The Contender for the Best Wildlife Photography Lens

Allen's Hummingbird

Which lens reigns supreme in the realm of wildlife photography? If only I had a nickel for every time I’ve been asked this! It’s a popular and pertinent question with no definitive answer. Multiple factors, including the photographer, subject, and desired narrative, come into play. However, there is a focal length that stands out and is widely favored as a starting point.

400mm is a great focal length, and you can’t be wrong with this focal length, no matter how you reach it. This is the focal length I began with and relied on throughout the beginning of my professional life. It’s the lessons I gleaned from that lens as well as a few of the images it made that brought me here today. It is possible to reach that focal distance in several ways, including 300mm f/4 through an adapter, 80-400mm, 200-400mm, or a 400mm prime. Whatever method you choose to arrive at this point or what lens you are using you will are in the same position of view. That’s what’s important.

View angle, the amount of the world that you can see in the vicinity of your subject, that’s what I’m thinking of. Photography that is focused on wildlife is primarily about telling stories. What’s the subject doing? why did you decide to take its picture, how did it do, a funny moment, and much more can be communicated with just a single click based on the other elements you add to the subject. This is where angle of sight is a factor.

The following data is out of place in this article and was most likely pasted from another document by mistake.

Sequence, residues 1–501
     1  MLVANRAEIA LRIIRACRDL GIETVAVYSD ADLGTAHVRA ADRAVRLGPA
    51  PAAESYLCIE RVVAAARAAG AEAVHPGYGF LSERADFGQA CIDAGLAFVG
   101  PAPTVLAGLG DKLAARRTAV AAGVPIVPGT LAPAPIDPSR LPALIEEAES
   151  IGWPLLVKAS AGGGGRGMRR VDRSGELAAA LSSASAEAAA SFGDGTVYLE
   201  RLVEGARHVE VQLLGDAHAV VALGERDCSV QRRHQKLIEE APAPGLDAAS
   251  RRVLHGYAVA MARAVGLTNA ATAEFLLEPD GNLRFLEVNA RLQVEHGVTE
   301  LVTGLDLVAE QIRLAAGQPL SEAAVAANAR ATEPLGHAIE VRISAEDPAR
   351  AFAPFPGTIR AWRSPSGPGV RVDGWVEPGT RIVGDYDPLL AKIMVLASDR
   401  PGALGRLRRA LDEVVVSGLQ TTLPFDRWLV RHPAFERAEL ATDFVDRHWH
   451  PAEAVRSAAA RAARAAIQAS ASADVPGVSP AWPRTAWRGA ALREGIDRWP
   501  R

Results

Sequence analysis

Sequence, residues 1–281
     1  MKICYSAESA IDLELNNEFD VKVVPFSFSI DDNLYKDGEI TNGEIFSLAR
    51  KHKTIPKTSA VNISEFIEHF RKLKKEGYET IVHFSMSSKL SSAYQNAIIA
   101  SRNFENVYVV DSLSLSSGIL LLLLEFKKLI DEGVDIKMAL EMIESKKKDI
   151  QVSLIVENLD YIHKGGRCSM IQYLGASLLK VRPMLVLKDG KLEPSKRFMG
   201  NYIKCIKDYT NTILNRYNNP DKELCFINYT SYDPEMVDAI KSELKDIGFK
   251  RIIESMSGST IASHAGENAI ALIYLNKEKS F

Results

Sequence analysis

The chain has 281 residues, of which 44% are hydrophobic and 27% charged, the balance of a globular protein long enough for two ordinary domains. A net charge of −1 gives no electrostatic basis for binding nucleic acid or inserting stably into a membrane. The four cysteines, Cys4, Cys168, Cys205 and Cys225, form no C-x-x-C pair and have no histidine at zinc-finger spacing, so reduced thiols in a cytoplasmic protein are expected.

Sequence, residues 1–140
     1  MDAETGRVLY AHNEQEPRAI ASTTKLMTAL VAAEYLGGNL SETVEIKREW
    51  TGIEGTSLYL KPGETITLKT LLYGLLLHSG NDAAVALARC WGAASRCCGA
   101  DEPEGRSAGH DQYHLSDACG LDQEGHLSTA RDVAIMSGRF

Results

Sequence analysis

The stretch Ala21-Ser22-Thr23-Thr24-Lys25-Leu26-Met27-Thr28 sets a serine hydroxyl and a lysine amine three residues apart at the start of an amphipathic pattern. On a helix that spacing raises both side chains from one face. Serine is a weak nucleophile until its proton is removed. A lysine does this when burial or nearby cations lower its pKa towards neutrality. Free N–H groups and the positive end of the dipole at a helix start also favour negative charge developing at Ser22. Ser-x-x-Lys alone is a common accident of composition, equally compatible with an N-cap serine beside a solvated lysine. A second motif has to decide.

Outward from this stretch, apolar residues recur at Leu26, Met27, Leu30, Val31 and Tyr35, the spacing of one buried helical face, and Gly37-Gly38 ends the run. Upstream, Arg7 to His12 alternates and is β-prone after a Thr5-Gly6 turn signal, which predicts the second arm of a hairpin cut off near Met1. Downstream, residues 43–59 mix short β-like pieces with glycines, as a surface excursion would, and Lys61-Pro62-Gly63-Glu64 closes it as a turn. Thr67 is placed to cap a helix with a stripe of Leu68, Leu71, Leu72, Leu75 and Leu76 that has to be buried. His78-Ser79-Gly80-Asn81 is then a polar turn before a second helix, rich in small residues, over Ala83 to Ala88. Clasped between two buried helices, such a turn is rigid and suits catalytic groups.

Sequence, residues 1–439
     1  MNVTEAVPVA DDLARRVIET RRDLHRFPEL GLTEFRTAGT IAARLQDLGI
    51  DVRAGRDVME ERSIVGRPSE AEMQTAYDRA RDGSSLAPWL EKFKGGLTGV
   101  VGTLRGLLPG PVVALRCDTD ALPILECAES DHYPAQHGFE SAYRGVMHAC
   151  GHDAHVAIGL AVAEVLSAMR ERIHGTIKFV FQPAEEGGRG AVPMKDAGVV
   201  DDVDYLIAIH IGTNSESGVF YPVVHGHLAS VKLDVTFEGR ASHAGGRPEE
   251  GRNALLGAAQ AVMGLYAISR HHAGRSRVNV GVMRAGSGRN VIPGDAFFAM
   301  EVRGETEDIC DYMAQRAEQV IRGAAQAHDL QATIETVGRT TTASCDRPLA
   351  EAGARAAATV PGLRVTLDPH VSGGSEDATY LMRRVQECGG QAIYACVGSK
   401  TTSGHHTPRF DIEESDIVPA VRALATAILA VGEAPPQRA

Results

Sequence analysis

The most important component of the 400mm lens is the MFD. The Minimum Focusing Distance is often an integral role in story telling. A lot of people think of it with terms of image size, but I see it in relation to The Dance. The Dance is the process of using this focal length eliminate all unwanted elements from the frame, while incorporating all the elements that tell the story. It can be done using any focal length, but to capture wildlife and in particular the beginning, 400mm simply excels in The Dance.

Allen's Hummingbird
NIKON D3X + 200-400mm f/4 @ 340mm, ISO 100, 1/30, f/6.7

The greatest benefit to this camera is its biology lenses it imparts. Did you know that a piece of camera equipment can teach biology? Take a closer look and utilize optics to focus this is the crucial principle I learned from my first few years of shooting using lens Nikkor 400mm f/5.6 E-IF lens. Whatever lens you choose or matter it is an essential principle to better photography. For wildlife photography, the 400mm lens is the most effective in teaching this notion. You’ll have to use your feet in order to obtain the exact size of image you’d like typically when shooting with the 400mm. Be watching your subject in order to understand what not to do when approaching a creature is an important lesson you can learn from this lens!

Common Raven
NIKON D1H @ 850mm, 10/200, f/11.0

Are there any other lenses, focal lengths and lenses you can utilize for wildlife photography? There are plenty and my top pick is that of the Nikkor 800mm f/5.6 VR however, I wouldn’t suggest you begin with that. Although I prefer the 800mm for most of my wildlife photography, I still use the techniques I learned from the 400mm. Even though I own an 800mm lens, I own not just one, but two 400mm lenses that I rely on. The lens is a tool to help is your passion that transforms into a vehicle for telling stories. Therefore, while you can find the most effective lens, you must never forget that it is you to make it occur!

Snowy Owl
NIKON D2H @ 500mm, ISO 200, 2/1000, f/5.6